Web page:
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A man holds a sign which reads " MH17 Victims Rest In Peace" during a candlelight vigil for the victims who were on board a Malaysia Airlines jetliner, in Kuala Lumpur, Malaysia, Saturday, July 19, 2014. Malaysia's transport minister said the country is "deeply concerned" that the site in Ukraine where the Malaysia Airlines Flight 17 was shot down with 298 people onboard "has not been properly secured. (AP Photo/Vincent Thian)
A man holds a sign which reads " MH17 Victims Rest In Peace" during a candlelight vigil for the victims who were on board a Malaysia Airlines jetliner, in Kuala Lumpur, Malaysia, Saturday, July 19, 2014. Malaysia's transport minister said the country is "deeply concerned" that the site in Ukraine where the Malaysia Airlines Flight 17 was shot down with 298 people onboard "has not been properly secured. (AP Photo/Vincent Thian)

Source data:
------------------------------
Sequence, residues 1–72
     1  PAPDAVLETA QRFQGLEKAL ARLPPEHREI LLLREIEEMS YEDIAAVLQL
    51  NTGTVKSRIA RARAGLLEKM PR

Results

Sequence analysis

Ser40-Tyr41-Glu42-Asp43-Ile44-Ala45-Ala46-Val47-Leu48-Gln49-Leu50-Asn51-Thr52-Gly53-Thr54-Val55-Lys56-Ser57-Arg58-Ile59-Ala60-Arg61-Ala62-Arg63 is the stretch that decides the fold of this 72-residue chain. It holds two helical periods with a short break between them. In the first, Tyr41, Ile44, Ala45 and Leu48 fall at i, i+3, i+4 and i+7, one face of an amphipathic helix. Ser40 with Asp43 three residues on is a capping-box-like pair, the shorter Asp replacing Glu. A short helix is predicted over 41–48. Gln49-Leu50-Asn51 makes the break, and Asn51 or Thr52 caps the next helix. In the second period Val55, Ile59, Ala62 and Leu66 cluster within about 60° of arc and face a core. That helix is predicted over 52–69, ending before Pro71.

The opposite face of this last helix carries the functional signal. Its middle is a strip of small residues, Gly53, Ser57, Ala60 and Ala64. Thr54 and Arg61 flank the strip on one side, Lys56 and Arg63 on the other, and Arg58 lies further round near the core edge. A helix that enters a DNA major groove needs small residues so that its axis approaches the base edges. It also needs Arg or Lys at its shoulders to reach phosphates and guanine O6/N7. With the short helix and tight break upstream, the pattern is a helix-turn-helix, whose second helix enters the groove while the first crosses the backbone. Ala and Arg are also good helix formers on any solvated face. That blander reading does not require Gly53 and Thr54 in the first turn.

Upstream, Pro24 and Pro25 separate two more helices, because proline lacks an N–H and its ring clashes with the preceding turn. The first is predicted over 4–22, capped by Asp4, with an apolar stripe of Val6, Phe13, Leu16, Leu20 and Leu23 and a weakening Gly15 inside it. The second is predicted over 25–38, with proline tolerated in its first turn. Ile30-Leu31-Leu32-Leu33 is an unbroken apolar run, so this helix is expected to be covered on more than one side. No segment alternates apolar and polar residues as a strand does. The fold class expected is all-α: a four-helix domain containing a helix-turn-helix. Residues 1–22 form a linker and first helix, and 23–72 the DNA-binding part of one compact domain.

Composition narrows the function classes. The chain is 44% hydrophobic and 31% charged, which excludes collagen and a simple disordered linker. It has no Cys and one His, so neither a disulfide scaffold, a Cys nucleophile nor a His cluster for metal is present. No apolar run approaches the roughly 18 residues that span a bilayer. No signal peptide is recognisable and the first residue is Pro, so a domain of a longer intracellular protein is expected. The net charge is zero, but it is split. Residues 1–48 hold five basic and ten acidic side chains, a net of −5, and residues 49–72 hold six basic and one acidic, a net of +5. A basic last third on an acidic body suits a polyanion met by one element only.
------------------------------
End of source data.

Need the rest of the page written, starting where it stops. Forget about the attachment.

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IAIN MARLOW

‘Why Malaysia?’ An anguished nation mourns a second air tragedy

On the weekend, they lowered the flags in Kuala Lumpur to half-mast.

The Malaysian Prime Minister called for the mainly Muslim nation to pray that they be protected from misfortune. There was grief and shock, and a special session of parliament called for this coming week.

For the second time this year, the people of this stable Southeast Asian nation have been sucked into the middle of a transfixing global tragedy.